You could almost hear the organisers of the Paris Motor Show saying it out loud: thank God for a domestic motor industry.As the first crowds started arriving at the bi-annual Mondial de l'automobile – at the usual exhibition centre, not far from the Seine, which sets records for its confused layout – there was a palpable feeling of credit-crunch pessimism.Car sales were in shreds, financial commentators were talking Wall Street crash of 1929. How could this be a good show for an industry that relies so much on expansiveness and optimism? And yet, you know, it was. The first day of the Paris Mondial de l'automobile turned out to be one of the most absorbing for years, mostly through the efforts of Renault, Peugeot and Citroën, who had important mainstream models to launch (Citroën C3 Picasso, Renault Megane and Megane Coupé) but supported them with a dense selection of eye-catching concepts.My show star was undoubtedly Citroën's brilliant Hypnos, a study of a big touring car of the future, with a 200bhp diesel-plus-electric four-wheel-drive system they're promising we'll see in a future production model.The car had a beautiful exterior, but its asymmetric cabin design, full of twisting surfaces and extraordinary textures and colours (the work of British designer Leighanne Earley) was a true tour-de-force worthy of the trip to Paris on its own.The fact that Citroën supported it with a Porsche-like supercar design, the GT, which anyone will be able to drive (albeit electronically) in the next version of the Gran Turismo computer game, made the whole thing better.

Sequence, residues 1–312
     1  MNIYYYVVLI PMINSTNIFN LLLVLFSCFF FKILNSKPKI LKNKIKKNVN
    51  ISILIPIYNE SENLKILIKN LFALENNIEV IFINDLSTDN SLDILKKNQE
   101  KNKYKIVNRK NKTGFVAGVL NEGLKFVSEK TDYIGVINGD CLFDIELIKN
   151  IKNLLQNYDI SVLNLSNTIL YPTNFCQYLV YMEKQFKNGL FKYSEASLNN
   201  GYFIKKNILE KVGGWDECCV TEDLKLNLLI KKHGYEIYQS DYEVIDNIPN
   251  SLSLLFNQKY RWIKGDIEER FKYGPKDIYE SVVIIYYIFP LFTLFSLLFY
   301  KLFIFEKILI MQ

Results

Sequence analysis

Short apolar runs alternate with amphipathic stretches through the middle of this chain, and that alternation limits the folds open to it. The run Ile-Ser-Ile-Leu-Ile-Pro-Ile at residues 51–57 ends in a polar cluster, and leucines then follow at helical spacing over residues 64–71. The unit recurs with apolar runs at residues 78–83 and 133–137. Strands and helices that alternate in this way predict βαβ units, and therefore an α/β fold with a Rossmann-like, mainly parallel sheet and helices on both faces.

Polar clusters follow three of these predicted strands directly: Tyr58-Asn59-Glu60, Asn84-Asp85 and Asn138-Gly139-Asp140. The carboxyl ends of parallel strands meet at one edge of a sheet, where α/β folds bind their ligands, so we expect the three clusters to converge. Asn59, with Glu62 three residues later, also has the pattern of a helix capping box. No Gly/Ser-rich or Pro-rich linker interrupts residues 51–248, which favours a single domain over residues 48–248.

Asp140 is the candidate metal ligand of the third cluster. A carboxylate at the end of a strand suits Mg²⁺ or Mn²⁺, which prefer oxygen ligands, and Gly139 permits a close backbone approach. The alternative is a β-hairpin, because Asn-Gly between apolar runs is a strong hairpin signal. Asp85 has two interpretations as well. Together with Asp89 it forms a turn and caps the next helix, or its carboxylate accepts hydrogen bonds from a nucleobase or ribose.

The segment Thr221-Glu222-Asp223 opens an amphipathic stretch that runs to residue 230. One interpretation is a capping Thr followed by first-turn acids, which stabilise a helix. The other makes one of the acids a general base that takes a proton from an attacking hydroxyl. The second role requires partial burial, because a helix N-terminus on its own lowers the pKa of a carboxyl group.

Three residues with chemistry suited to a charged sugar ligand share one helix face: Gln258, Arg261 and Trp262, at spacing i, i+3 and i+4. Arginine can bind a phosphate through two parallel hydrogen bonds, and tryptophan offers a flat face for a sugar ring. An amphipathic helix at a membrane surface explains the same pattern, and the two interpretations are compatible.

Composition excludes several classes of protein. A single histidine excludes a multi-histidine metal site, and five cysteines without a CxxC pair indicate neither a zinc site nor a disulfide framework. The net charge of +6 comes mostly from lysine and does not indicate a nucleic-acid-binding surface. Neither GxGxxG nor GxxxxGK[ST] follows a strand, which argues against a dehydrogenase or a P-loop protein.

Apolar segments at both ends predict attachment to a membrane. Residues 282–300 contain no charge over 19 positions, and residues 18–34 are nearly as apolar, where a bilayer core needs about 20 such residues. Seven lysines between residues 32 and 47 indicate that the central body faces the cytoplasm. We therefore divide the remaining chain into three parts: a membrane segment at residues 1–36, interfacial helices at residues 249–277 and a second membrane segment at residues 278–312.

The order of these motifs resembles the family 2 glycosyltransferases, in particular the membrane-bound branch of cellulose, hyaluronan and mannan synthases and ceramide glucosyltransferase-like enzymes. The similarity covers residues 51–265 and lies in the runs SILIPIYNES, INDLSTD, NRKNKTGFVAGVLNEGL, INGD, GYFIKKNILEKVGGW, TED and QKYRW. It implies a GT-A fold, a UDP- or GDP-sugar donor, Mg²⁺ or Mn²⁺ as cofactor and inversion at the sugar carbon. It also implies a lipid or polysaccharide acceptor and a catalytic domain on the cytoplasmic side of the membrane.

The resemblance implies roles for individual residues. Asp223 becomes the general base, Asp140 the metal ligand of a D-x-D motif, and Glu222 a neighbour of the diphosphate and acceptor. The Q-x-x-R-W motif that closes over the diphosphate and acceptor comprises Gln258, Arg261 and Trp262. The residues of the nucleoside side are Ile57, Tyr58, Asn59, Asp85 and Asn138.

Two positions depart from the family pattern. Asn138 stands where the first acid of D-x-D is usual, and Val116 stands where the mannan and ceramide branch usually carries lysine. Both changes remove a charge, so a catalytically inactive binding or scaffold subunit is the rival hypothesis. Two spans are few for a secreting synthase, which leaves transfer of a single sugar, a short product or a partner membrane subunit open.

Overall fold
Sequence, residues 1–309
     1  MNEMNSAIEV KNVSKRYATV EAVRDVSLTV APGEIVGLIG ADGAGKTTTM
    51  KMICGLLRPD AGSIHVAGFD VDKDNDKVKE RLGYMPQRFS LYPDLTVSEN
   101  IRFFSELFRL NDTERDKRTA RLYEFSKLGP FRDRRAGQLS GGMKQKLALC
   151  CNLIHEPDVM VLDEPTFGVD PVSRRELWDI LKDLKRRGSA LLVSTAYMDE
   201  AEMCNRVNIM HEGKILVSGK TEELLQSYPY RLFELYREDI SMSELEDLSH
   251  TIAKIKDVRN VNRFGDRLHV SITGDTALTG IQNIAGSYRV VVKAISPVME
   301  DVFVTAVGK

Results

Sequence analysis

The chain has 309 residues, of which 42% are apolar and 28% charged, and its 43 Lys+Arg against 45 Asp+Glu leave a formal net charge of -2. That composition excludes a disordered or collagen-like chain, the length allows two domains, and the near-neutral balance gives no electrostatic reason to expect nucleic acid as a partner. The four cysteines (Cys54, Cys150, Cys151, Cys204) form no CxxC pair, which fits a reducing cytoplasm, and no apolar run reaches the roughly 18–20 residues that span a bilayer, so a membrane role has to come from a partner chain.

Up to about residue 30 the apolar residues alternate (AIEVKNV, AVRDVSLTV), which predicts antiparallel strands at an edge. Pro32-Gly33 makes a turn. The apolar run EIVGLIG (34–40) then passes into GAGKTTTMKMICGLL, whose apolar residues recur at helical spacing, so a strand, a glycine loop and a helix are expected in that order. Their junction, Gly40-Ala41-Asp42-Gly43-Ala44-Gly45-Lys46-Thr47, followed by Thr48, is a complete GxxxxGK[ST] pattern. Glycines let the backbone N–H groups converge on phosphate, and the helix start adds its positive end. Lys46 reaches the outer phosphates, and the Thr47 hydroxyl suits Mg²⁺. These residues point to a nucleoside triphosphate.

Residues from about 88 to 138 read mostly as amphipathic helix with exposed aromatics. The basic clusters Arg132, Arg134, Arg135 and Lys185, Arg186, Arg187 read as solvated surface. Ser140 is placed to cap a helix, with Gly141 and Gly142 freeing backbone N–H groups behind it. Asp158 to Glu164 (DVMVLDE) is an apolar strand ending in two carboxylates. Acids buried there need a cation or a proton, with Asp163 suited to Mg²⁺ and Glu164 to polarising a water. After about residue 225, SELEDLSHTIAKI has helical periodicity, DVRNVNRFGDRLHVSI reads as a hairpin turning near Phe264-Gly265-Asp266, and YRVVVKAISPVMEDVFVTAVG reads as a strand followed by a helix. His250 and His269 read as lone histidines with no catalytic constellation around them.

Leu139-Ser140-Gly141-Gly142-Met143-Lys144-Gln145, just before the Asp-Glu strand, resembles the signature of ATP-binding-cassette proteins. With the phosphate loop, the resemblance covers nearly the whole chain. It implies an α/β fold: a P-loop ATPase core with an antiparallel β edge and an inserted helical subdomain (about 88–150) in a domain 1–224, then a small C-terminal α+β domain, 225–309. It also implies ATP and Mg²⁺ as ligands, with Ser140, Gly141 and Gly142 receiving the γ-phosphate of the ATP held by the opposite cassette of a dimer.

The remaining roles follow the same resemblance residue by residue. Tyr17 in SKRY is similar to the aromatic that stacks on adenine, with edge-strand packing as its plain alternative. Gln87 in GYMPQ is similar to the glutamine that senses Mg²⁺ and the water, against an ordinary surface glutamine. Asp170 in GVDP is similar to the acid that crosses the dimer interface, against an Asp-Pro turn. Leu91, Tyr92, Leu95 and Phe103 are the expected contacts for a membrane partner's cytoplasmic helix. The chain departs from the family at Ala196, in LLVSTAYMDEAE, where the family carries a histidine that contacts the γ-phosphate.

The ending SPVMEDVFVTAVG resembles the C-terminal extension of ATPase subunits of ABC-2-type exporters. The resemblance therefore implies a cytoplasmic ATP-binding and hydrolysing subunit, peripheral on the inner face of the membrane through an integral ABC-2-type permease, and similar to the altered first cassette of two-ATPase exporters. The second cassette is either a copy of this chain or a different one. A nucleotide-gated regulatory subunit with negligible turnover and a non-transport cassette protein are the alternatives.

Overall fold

Peugeot had a concept for a Nissan Qashqai-fighter, the Prologue, which was clearly close to production. It wasn't actually ugly, but it did showed how much improvement Peugeot design still has to make, even if there are many unique facets of the Lion marque's design style.One undercurrent of the show was the abrupt departure, a few days earlier, of Peugeot's recently installed design boss, probably because his Citroën equivalent had been made director of the whole PSA styling shooting match. The best thing about the Prologue concept was that it further showed off the diesel-plus-electric hybrid system (also used by the Hypnos), which can be configured so that the transverse diesel in the nose is assisted by an electric motor between the rear wheels — or vice versa. Peugeot also had the reverse system in a big, rakish rear-engined saloon called RC. But chuck in a ho-hum new 308CC, and you can plainly see where Peugeot needs to progress.Hybrids of various types were everywhere. They were so prevalent in Paris, as with all recent motor shows, that it was easier to count the cars which didn't have some kind of electric assistance…Renault, thankfully, had a quirky moment by showing an all-electric concept for a radicalised Kangoo, and there was also a more conventional large touring car called Ondelios, but their big deal was the reveal of the new Megane and its three-door (aka Coupé) offshoot, whose neat styling was received without much rapture because it lacked the adventurous spirit of its shake-your-ass predecessor. Right across the show, hacks looked forward to hearing Carlos Ghosn (seen as the instigator of Renault's new – and many think less successful – design style) on what future Renaults will look like, but though the little man was very prominent in toothless interviews for the likes of CNN, the question was not put.Ford was cock-a-hoop about having two fine-looking little cars to sell, the Fiesta from this month and the new Ka from the turn of the year.Both were much admired, and both are a little more 'grown-up' than their predecessors, without losing cheekiness, which is just the thing to attract buyers who are induced to move south by circumstances and fuel prices.I stood for a while and watched people walking past the new VW Golf without stopping: the car really is very similar to the Golf V, which has also provided large lumps of its underpinnings.Closer examination would have shown that VW is right back on top of the perceived quality pinnacle it achieved with Golf IV, and the new car will surely sell in huge numbers. Indeed, it may be just the thing in conditions like these, when buyers who must make a change are induced to hang the adventurism and go with brands they know and trust.Audi had the so-so Q5 and lots of other white cars, including a five-door A1 – hybrid, naturally – which looked okay without setting anyone's trousers on fire. For traditionalists, a red RS6, with superb charcoal trim wheels, was the true traffic-stopper. I traipsed into the exhibition centre's back-blocks to find GM's vast stand, which featured an opulent-looking Vauxhall Insignia wagon (reputed to be roomier than the vast, outgoing Vectra estate despite preserving the saloon's wheelbase) and, of course, the production version of the Chevy Volt, which will become a Vauxhall-Opel in 2010.This 'electric-car-with-range-extender' looked much the same as the concept we've already seen, even though they've changed many of the details, and seemed to have the right character and size to be European.GM Europe chief Carl-Peter Forster told me they'd decide within about 18 months of launch here whether to make the car on this side of the Atlantic, but that European manufacture would present “no problem”. And so to the expensive stuff. Ferrari's new front-engined California, with its V8 engine and foldaway hood, looked ultra-practical, but also as if it should have come out five years ago. It'll be rushed, you can bet, in the place whose name it bears.Aston Martin, not remotely cowed by the collapse of its European sales, showed a mock-up of its proposed £1.2m ‘one-77’ concealed by a pin-stripe cover, tailored in Savile Row.Just one corner was lifted, and the plan of mercurial boss Ulrich Bez was to keep it that way through the entire show, though many doubted whether he'd be able to resist pulling it off.The four-door Lamborghini looked terrific, especially its steely colour, and I kept wondering how, if this really was a new Audi A8 underneath, they'd managed to keep the bonnet height so low.Paris's first day, in total, seemed remarkably successful. Though there's a crisis, the French haven't quite felt it yet, because the demand for smaller cars is still being buoyed as the French government pays buyers anything up to €1000 to get older, more polluting cars off the road.Even in these tough times, people like Land Rover and Jaguar could talk about continuing decent export performance. Most downbeat was Volvo, which packed its eight-car stand with low-C02 models emblazoned with a DRIVe badge. There was room for one example of its brand new model, the XC60 soft-roader.But then, they're in the middle of changing chiefs (ex-Ford man Steve Odell is the first non-Swede to lead the company in history) and a shake-up is promised before the end of the month. For them, things are serious.